When Writing Is Not Enough

On the eve of a statewide rally of Ohio’s public school superintendents and other local educational leaders on the Statehouse steps in Columbus, I’d like to share what Little Miami Local Schools Superintendent Greg Power recently said when he reached out to the citizens of his district:

There comes a time when writing is not enough and it is time to take action.

As I have stated on this blog many times, it is imperative that our state lawmakers take a hard look at excessive testing, the current graduation point system, and many other educational issues that challenge public school districts like Little Miami.

On November. 15, I will be joining with approximately 200 public school superintendents and other local educational leaders representing over 70 Ohio counties in gathering on the Ohio Capital Steps as a sign of our commitment to help close the gap between what many of Ohio’s citizens want and the statewide education policies that are currently in place.  This event is scheduled to take place at 10 a.m. on the West Plaza facing High Street.

In a recent press release, Superintendent of Shadyside Local Schools John Haswell said “the current high school graduation point system that was developed by the Ohio Board of Education is having a negative impact on a large percentage of our high school students.”  He said that, “approximately 40 percent of the students that took the state mandated end-of-year exams last year in Shadyside are in jeopardy of not graduating in 2018 and 2019.  The emphasis given to these standardized tests will have a negative impact on children throughout Ohio in the near future.  A score on a single exam has more weight than 180 days of classroom instruction.”

Another one of my fellow superintendents, Dr. Jim Lloyd of Olmsted Falls City Schools, had this to say:  “As public school superintendents, we see every day how our current statewide education policies are impacting our staff, students and communities.  With the reality of these policies in clear view, we can serve as a linchpin to bring our staff, our students, the citizens of our communities and our state policymakers together in a positive spirit of mutual trust, respect and cooperation to address everyone’s concerns.”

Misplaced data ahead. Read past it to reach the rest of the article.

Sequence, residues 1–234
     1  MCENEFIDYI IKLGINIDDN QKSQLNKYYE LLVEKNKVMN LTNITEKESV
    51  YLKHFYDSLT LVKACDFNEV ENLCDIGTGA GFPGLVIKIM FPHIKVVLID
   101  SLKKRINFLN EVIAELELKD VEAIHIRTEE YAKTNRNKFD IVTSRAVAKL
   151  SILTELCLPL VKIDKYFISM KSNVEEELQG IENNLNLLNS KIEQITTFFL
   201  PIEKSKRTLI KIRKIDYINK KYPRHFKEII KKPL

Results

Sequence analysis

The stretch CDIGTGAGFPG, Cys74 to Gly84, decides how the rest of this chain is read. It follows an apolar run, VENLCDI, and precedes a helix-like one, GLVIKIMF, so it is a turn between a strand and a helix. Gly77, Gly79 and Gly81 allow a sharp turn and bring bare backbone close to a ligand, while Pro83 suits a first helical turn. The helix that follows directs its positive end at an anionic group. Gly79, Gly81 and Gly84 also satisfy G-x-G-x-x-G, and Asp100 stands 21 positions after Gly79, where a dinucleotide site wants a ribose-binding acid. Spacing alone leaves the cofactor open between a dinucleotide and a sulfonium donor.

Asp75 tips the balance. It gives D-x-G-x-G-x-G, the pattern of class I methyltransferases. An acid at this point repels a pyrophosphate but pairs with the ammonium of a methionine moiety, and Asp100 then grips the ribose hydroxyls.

Two years ago, Ohio’s public school superintendents kicked off a grassroots initiative to return local control to their public schools by providing their citizens with a stronger voice in shaping statewide education policy.  Their voice is the Ohio Public School Advocacy Network.  One of the initial actions of this statewide grassroots network was to ask many of Ohio’s citizens how they view education reform and its impact upon their local schools.

From January 2014 through April 2016, four in‐depth public opinion surveys were conducted in 18 Ohio counties which have a combined population of 3,052,416 (U.S. Census, 2013).  The results from these surveys indicate that a majority of citizens believe their public schools are doing a good job of preparing children for their future and they want their boards of education to be in control of their local schools.

Through a recently conducted statewide survey of Ohio’s public school superintendents, the top rated concerns were:

  • The current graduation point system created by the Ohio Department of Education will arbitrarily lower the graduation rates of the Class of 2018 and any class after them.
  • The continual expansion of Ohio’s educational assessment system has led to an over‐emphasis on standardized testing for our students which negatively impacts the focus of classroom instruction.
  • The inconsistent and unreliable fluctuations on achievement and value‐added/student growth measures included in Ohio’s Report Card reporting system needs to be addressed.

The group of district leaders indicated, “We want to roll our collective sleeves up and work with our stakeholders, constituent groups and Ohio’s elected officials to fix a graduation and State reporting system that is currently in great need of repair. Our students and our citizens deserve a reporting system they can trust.”

That’s why I’ll be on the steps of the Statehouse on Nov. 15.

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